Between husband and wife other problems may arise. I once had a couple who got divorced with separation of possessions after ordering a frame. It took several years to find out who was allotted the picture.
“Is there a hanger?”
This is a question customers sometimes ask. "Yes, there is a hanger", you answer politely as if it were a concession framers rarely make. If there are two hangers it is well to advise the customer patiently explaining why. "We always put two hangers on large pictures in order to make them more stable and to avoid swinging. In addition, the top part of the picture won't warp with the weight." You can add that plate hangers were used to allow the customer more precision when hammering the two nails. You should always ask the customer if he has any nails to hang the frame with. The customer usually doesn't remember. Show him the boxes of nails displayed on the counter and ask, "Would you like to buy a box?" The price should labelled on the boxes. That way you will avoid the awkwardness of having to say that the boxes are for sale and not free.
If the price was agreed upon during ordering, there shouldn't be any particular problems at delivery. There are some clients however, who won't give up and try to get a last minute discount. Unless it's a minimal amount, you should not give in. You must be kind, but firm. Recommended phrases might be: "We settled the price when the frame was ordered and this was deliberately done to avoid any arguments now." Or, "I always prefer to settle the price when the frame is ordered so I won't have any surprises later."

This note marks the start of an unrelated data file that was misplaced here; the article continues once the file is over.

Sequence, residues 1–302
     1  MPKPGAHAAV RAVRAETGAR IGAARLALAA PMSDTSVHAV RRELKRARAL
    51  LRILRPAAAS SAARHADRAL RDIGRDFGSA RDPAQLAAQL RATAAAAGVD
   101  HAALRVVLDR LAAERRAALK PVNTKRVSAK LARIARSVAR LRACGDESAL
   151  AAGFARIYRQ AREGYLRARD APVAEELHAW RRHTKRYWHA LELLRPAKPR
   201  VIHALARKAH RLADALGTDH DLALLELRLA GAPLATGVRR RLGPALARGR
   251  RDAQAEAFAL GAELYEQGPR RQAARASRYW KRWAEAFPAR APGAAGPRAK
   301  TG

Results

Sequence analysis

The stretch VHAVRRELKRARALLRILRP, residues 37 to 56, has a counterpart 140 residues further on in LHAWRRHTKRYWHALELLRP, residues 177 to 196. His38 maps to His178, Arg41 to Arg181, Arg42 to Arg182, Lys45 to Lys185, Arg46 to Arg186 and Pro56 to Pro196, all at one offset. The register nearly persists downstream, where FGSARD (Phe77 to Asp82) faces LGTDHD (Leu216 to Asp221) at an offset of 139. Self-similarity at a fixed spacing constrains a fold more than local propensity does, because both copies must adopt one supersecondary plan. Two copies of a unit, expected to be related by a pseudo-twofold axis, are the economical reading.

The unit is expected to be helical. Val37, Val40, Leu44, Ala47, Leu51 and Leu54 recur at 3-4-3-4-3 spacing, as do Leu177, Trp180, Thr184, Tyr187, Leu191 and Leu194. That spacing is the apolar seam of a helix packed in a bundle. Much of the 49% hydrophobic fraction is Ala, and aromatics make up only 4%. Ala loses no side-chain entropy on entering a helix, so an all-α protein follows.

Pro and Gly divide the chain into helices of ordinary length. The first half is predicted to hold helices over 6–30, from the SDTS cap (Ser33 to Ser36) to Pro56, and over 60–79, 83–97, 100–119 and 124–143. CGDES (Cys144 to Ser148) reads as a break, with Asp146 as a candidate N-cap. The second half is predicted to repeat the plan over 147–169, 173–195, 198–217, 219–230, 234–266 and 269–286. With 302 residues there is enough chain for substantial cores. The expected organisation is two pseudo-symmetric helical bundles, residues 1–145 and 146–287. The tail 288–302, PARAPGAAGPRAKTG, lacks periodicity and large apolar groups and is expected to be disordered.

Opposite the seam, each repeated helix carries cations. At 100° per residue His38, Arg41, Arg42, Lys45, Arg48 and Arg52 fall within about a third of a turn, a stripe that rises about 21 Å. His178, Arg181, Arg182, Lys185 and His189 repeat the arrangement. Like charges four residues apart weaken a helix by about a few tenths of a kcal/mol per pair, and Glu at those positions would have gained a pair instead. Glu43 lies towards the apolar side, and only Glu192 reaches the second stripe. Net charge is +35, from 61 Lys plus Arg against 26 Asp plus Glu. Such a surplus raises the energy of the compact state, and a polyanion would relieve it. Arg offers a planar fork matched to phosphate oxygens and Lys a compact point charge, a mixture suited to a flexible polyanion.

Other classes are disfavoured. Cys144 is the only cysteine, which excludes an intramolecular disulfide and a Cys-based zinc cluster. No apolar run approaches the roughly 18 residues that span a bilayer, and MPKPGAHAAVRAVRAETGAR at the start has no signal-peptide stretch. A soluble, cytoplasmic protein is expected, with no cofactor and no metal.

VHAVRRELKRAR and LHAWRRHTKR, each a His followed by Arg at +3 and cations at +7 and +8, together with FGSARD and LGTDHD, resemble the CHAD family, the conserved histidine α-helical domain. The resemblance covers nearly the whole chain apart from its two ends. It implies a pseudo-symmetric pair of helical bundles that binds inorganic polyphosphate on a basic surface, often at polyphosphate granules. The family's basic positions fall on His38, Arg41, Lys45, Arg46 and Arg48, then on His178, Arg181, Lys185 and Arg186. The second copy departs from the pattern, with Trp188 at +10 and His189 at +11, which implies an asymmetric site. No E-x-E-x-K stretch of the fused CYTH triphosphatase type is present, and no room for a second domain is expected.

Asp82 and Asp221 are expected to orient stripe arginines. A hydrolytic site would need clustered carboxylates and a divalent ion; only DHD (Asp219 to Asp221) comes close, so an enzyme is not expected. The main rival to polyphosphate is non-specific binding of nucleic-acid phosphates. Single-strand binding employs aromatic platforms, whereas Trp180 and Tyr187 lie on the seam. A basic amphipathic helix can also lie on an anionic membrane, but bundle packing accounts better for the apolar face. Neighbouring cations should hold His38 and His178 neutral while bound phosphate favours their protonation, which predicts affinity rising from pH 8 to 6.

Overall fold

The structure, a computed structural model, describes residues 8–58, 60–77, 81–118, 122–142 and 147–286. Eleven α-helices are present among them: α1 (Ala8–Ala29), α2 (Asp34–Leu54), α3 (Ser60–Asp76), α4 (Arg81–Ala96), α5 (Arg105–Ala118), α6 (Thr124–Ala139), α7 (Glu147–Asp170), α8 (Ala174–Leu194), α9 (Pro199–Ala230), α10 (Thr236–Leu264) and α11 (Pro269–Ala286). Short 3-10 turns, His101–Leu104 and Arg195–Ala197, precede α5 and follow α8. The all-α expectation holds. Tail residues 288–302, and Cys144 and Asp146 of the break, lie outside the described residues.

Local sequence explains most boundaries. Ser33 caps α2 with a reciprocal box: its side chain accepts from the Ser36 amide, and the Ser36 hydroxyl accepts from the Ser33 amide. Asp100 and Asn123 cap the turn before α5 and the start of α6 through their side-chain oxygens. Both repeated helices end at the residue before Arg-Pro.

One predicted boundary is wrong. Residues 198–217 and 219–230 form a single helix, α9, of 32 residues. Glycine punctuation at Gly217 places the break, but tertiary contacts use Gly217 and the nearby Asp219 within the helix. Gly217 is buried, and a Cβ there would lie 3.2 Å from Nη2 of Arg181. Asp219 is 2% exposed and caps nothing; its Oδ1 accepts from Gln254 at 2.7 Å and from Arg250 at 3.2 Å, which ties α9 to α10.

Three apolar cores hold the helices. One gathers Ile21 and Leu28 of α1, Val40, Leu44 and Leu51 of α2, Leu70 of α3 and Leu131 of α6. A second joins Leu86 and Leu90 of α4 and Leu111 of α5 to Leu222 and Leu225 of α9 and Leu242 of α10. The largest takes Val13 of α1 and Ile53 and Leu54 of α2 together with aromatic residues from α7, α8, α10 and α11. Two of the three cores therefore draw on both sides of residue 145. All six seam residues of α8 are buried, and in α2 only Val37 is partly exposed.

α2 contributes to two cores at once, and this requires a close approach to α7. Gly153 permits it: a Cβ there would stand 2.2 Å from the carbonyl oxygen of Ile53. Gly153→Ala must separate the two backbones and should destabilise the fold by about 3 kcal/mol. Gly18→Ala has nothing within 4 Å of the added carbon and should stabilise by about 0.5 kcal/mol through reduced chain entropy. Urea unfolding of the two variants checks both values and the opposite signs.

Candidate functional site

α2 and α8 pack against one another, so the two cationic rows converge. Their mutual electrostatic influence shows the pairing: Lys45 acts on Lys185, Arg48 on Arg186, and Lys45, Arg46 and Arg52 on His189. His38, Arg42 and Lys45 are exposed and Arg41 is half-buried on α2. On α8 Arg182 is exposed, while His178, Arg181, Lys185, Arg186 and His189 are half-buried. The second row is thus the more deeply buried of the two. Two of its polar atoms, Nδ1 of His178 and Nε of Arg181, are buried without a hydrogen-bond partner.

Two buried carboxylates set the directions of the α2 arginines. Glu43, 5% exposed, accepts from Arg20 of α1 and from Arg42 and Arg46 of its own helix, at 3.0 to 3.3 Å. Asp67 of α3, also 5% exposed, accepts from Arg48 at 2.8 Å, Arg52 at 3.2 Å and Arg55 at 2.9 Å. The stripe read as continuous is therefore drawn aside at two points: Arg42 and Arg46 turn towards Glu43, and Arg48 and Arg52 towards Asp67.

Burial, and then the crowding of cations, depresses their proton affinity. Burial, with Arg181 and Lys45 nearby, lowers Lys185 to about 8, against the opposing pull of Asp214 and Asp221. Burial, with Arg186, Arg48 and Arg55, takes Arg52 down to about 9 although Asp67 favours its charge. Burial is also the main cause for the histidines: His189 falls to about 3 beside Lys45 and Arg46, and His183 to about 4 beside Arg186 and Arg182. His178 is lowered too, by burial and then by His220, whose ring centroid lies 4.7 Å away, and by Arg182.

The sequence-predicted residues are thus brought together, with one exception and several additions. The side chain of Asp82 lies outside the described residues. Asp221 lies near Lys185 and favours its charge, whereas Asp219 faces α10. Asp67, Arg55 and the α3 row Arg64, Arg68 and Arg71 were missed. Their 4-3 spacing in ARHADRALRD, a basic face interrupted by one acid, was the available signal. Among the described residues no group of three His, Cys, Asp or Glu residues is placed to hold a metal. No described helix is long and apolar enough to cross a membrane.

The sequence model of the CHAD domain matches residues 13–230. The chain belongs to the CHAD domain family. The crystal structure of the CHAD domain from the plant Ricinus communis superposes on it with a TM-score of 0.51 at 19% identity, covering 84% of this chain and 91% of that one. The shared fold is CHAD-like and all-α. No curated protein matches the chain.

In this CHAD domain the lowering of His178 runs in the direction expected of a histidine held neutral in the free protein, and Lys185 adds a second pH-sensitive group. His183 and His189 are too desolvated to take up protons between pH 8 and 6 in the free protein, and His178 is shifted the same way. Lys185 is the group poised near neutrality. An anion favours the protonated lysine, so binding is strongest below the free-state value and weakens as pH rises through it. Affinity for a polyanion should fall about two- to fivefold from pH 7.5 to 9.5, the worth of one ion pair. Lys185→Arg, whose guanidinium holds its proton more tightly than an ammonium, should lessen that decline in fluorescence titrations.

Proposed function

If the price was not settled beforehand then the framer might indeed find himself in trouble. This is the reason why it is better to establish the price before doing the work, and not after.
It is worthwhile to help the customer lift the packages and load them into his car, especially if they are large.
This could be done by the sales clerk or by workshop personnel. It is often necessary to hold the door open when the customer sheets as his hands are full of pictures. These are small details that the client appreciates. But above all, doing so helps avoid other problems.
I'm referring to damages the customer can inflict to the frames. I am often horrified at how customers load pictures. Hardly anybody realises that frames are delicate and can easily get ruined. If the pictures are very big, it is better to give the customer some suggestions as to how to transport them, especially if you notice he is not very experienced. If the client persists in wanting to load them his way, you might, half jokingly and half threateningly say, "These pictures were in one piece when they left the shop, so it won't be my fault if you bring them back with the glass cracked."